Last week, several consumer and minority groups, including the oldest black civil rights organisation in America, the National Association for the Advancement of Coloured People, complained that the new road was bypassing the poorer neighbourhoods. The telephone and multi-media companies, who are about to install the cables to connect homes to the information highway, appear to have been 'red-lining' - that is to say, drawing a line around the poor and deliberately excluding them.
The fear of consumer and minority groups has always been that the new communications road would create an information elite. Instead of having a widespread democratising effect, with many more people having access to, say, free library services on their television, the future would bring a division between the rich and the wired versus the poor and the unplugged.
Red-lining is a common practice across the country. You find it in banking, where people from poor neighbourhoods cannot get loans for a car or house, and in insurance, where people who live in high-risk neighbourhoods have trouble getting covered.
When the social surveyors figured out who might be the most likely to want to 'interact' with a small box on top of their television set - to gain access to 500 channels, to watch a movie, buy a dress, consult the Encyclopaedia Britannica, or simply order a pizza - the answer was affluent whites in middle-class suburbs. These suburbs are also where the new computer-literate folks and their hi-tech teenagers live. They already know about interacting with computers and see technology not as a hurdle but as a tool.
So when the builders of the Super Information Highway began planning where to go, they decided to stay within well-mapped territory. They planned to construct their pilot roads of fibre optic cables in ways that bypassed the blighted neighbourhoods. There, as far the new companies are concerned, people can stay watching the box where interaction means, at most, changing channels.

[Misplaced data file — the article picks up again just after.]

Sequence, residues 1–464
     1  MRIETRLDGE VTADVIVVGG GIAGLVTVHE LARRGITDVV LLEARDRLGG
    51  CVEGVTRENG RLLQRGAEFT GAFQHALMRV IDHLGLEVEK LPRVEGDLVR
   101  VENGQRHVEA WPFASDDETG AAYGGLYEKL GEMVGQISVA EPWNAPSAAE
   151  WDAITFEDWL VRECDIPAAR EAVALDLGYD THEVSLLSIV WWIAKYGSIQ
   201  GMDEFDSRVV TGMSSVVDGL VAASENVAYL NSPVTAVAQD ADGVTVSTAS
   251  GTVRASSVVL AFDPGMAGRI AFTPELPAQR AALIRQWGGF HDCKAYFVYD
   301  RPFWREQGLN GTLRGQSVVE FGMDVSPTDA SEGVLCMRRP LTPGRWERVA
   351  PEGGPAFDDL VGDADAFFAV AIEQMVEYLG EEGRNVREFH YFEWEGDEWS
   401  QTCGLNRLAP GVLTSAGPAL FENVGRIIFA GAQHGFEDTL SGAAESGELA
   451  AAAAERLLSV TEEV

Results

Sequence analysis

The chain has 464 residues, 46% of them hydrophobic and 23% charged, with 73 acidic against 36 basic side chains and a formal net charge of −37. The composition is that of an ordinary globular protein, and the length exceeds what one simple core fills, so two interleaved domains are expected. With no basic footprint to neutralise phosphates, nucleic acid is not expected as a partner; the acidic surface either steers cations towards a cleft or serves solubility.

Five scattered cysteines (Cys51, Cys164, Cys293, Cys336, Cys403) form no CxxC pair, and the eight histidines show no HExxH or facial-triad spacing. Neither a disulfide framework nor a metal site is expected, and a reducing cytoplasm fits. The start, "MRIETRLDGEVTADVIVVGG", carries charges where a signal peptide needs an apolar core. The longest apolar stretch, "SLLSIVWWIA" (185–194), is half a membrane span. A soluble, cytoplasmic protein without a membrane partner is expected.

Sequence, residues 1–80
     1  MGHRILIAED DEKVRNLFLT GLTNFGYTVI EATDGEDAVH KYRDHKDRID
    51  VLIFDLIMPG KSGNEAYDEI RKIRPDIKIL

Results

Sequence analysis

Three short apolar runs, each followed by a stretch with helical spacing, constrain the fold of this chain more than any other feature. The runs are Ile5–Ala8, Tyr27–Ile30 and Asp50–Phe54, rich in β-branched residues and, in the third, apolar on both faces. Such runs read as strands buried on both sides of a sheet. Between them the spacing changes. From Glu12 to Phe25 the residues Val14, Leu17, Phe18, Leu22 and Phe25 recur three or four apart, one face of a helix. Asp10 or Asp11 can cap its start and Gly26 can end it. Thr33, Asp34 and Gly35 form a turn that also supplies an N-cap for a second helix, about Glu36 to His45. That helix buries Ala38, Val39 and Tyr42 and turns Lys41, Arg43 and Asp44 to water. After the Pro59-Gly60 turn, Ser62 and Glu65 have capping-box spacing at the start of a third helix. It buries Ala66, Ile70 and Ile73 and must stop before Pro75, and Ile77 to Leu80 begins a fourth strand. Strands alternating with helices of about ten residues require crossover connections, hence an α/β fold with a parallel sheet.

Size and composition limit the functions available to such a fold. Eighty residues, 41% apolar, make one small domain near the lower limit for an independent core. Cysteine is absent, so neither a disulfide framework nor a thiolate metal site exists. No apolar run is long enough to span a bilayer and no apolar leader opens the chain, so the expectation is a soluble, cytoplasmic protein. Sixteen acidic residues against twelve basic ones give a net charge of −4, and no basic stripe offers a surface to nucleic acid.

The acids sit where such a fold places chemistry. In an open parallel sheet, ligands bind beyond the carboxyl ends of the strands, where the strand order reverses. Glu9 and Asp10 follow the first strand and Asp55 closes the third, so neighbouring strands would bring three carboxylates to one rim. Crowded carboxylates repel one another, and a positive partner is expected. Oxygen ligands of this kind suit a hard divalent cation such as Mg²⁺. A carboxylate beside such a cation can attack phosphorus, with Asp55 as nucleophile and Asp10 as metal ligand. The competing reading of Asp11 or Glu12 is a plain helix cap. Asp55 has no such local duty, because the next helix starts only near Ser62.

The white suburbs, not the inner big cities, are where the super highway phone companies are touting for business. That is where they will find customers for the new highway who previously spent most of the dollars 4bn doled out on video games each year, the dollars 12bn for video rentals, the dollars 65bn on residential telephone services, and the dollars 70bn on catalogue shopping.
How did word leak out that the Info Superpike was becoming the Great White Way? The Centre for Media Education, a watchdog group in Washington, sponsored a study to examine a dozen plans by four regional phone companies. It was based on applications they filed to build advanced communications networks in 'selected areas' in Chicago, Denver, San Diego, California and Portland, Oregon.
The telephone companies admit that their trial areas are in affluent neighbourhoods; business, after all, is business. But they say they have no intention of staying out of poorer neighbourhoods. Consumer group concerns are 'unfounded and they are irresponsible' to suggest such a thing. Everyone will have an equal chance to use the services - eventually.
But when? Consider earlier communications revolutions. It took 39 years for cable television to reach half of all US households, 11 years for radio and two decades for colour television. Maybe the information highway can be installed more quickly, but some worry that the era of the 500-channel television, with all its interactive services, will probably take about 20 years, too.
In past times, the monopoly 'Ma Bell' telephone company was strictly regulated like the electricity company. A licence to operate was granted in return for fulfilling social obligations such as universal access. But these niceties may no longer apply in the new competitive markets. The cost of putting in the cables is high; why should the telephone companies invest in areas which will give them a low return? The attitude of the telephone companies tends to be: 'the market is in the public interest'.
There are those who argue that it does not matter whether the affluent residential neighbourhoods will be plugged in first, nor how long it will take for the poorer neighbourhoods to catch up. Who wants 500 channels anyway? But there will be more than movies and video games on the information highway. Participants will be able to hold two-way video links with their doctors and teachers - a real boon for those in the lower-income neighbourhoods. Consumer groups are pressing for public hearings in local communities and guarantees from the telephone companies of additional disclosure about their plans.
Without regulation - and that means new legislation - a widening of education and income gaps is inevitable. There is a high road and a low road on the information highway; it is not yet clear which America will choose.Reuse content